Our proposal aims to uncover a novel mechanism by which integrin alphav beta8 regulates TGF-beta to control immunity. Our preliminary data suggest that the integrin, which is generally considered a cell surface molecule, is secreted by dendritic cells on the surface of extracellular vesicles, and that these vesicles can promote TGF-beta activation. Our proposal will determine the functional importance of this pathway in regulation of T cell responses, and the molecular mechanisms that regulate the pathway. Our work therefore aims to define an important novel mechanism that can regulate the immune system required to maintain health.

Planned Impact

Disorders of the immune system, ranging from allergic reactions to severe infections and autoimmune disease, are a major health problem in the UK, placing an increasing burden on health care resources. In order to determine how our immune system maintains health, it is essential that the underlying biological mechanisms that regulate immune responses are understood. Our project will have important impact in this area by identifying and characterising important cellular and molecular mechanisms that control how immune cells communicate. Specifically, we will identify a new way by which the multi-functional cytokine TGF-beta is activated by the integrin receptor alphav beta8, via secretion of the receptor by cells on vesicles, and how this is important in regulating immune responses. The work will therefore be of potential benefit to a wide range of people.

Discoveries made during our proposal will be of interest and importance to the large field of clinical and non-clinical researchers who study the basic biology behind the regulation of immune responses. Given the broad role of TGF-beta in regulating many different aspects of the immune response, our findings will inform the research of researchers from a diverse range of immunological backgrounds. Additionally, given the important function of TGF-beta in cells outside the immune system, defining mechanisms that control TGF-beta activity will be pertinent to cell biologists interested in broader aspects of cell biology, ranging from researchers interested in the basics of cell behaviour (migration, differentiation, apoptosis) to researchers interested in the cell biology of diseases such as cancer and fibrosis (in which TGF-beta has been implicated to play important roles). Other researchers will therefore benefit from our work by providing novel insights to inform their own research questions and direction.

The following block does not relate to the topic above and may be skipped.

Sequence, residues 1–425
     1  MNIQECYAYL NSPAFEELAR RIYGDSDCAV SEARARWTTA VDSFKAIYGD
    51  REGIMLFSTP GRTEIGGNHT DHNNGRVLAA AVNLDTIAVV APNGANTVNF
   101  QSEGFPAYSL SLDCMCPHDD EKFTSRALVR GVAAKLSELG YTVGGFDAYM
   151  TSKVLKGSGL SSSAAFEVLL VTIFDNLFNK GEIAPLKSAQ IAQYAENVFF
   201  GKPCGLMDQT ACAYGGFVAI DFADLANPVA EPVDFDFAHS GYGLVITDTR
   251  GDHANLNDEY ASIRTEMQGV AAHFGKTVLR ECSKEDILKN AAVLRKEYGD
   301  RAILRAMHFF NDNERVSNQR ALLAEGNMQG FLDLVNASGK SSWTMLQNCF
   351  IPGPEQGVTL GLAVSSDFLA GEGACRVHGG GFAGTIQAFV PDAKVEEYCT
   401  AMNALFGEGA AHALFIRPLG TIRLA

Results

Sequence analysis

Additionally, given that the molecular pathway we intend to study controls activation of TGF-beta, a molecule that controls a wide range of cellular functions, our work is likely to be of much broader interest to the drug discovery industry. Indeed, TGF-beta is already a therapeutic target by a number of companies for treatment of several disorders. Hence, mechanistic insights into how this molecule is controlled is likely to be of great potential benefit and interest to the drug discovery industry, by identifying novel components of the pathway to target. In the longer term, these benefits to industry will hopefully lead to benefits for the wider public, via the production of novel drugs to promote health.

In addition to potential benefits via the drug discovery industry, our proposal will aim to achieve greater immediate impact with the general public by using our research as a basis for a range of public engagement events. These events will benefit the public by increasing awareness of how the immune system works, the importance of immunity in the maintenance of health, and the ways scientists carry out basic research with a view to better understanding complex systems.

Our work will also benefit the research team of Travis, Davis, Woodman and the post-doctoral research associate Kelly. Given the multi-disciplinary nature of the work, encompassing aspects of immunology, cell biology and biochemistry, Kelly will receive extensive training in wide-ranging areas of scientific research. Additionally, the project will benefit Travis, Davis and Woodman by extending their knowledge breadth into new scientific areas, which is becoming which is becoming more essential in tackling modern day biological problems.